Roslindale Village Main Street and Historic Boston showed off their latest plans for the old trolley substation the other night. More than 300 people attended and heard plans to turn the substation into a restaurant and to tear down the funeral home next door and build 40 housing units there and atop part of the funeral home's parking lot on Cummins Highway.
Two non-profits that have been trying to turn the hulking brick husk of an old trolley substation in Roslindale Square into something useable say they now want to buy the funeral home next door for housing.
In an e-mail update this morning, Steve Gag and Stephanie Cave of Roslindale Village Main Street say the FJ Higgins Funeral Home on Washington Street is now up for sale - and that the Higgins family has agreed to give the group and Historic Boston first dibs on the property as the family prepares to move the funeral home to a new location.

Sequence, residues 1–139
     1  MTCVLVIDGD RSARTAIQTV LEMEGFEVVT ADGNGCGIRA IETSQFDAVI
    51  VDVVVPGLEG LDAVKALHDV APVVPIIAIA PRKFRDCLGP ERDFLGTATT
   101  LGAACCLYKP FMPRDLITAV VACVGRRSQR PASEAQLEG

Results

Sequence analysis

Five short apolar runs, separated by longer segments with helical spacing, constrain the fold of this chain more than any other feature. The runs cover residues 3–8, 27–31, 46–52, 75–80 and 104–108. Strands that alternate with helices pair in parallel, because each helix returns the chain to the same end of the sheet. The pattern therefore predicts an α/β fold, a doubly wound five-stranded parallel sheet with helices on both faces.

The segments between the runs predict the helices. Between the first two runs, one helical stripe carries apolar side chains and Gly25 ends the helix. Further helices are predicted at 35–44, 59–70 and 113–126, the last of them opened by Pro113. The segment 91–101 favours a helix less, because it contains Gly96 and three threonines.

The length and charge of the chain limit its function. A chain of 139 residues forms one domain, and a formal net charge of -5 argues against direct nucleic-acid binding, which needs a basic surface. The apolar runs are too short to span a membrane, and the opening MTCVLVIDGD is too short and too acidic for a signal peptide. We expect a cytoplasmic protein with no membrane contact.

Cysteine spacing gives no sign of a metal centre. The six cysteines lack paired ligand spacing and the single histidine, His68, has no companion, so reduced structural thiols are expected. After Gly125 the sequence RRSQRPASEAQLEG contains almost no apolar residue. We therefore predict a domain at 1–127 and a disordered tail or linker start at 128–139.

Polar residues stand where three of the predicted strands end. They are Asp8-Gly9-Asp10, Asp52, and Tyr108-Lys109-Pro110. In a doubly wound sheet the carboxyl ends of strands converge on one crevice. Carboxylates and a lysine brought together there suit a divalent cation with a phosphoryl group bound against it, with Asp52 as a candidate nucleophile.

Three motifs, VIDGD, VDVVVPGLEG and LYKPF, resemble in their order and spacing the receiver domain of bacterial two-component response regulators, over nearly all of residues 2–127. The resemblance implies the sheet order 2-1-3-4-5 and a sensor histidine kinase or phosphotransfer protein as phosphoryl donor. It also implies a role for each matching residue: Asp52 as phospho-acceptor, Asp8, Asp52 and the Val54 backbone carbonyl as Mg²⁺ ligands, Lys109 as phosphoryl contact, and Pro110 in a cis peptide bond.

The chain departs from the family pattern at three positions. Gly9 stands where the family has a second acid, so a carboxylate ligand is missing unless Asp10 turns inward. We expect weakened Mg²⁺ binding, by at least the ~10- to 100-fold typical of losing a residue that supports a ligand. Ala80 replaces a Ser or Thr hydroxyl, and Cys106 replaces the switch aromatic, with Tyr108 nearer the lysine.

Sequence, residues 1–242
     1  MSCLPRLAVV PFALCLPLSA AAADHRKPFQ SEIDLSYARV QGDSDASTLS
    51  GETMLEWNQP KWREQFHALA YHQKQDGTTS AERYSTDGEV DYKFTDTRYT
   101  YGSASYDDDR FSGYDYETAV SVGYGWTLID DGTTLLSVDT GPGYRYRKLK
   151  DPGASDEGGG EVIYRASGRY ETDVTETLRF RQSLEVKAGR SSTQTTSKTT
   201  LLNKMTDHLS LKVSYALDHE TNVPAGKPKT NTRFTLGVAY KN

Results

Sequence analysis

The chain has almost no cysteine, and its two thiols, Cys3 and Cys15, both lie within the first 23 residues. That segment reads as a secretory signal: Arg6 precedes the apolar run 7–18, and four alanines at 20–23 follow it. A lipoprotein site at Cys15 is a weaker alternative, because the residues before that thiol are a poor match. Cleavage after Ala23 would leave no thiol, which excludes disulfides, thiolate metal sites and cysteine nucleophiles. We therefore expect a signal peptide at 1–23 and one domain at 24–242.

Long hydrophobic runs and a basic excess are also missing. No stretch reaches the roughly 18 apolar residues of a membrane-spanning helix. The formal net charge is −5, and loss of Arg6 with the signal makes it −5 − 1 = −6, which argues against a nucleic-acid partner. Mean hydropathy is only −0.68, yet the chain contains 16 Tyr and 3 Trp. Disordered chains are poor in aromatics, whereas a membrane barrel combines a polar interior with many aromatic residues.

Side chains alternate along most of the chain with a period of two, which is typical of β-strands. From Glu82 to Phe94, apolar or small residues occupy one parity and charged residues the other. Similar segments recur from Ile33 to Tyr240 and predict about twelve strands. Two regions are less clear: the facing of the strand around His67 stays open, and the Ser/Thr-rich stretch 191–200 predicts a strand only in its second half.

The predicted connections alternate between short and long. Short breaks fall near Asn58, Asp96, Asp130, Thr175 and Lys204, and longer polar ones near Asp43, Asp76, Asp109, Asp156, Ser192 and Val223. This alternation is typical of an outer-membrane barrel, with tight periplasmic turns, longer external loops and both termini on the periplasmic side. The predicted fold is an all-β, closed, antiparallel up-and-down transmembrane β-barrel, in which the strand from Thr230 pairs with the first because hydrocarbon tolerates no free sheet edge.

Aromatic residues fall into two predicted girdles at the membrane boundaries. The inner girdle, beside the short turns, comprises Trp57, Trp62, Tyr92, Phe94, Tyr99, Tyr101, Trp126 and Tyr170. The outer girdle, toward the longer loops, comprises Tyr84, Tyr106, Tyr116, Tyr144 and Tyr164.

Gag and Cave say they don't want to let the property fall into the hands of a developer who would use it for something un-Roslindale-Square-like - such as a fast-food drive-thru:
Roslindale Village Main Street had an open house at the hulking edifice in Roslindale Square, in part to solicit ideas on what to to with it. The BRA, which owns the long unused structure, has given the group and Historic Boston a year to come up with a plan. Even without giant transformers, it remains a fascinating - and dangerous - place to explore: One guide had to keep shooing me away from flimsy planks covering holes. It's two levels full of mysterious objects and spaces.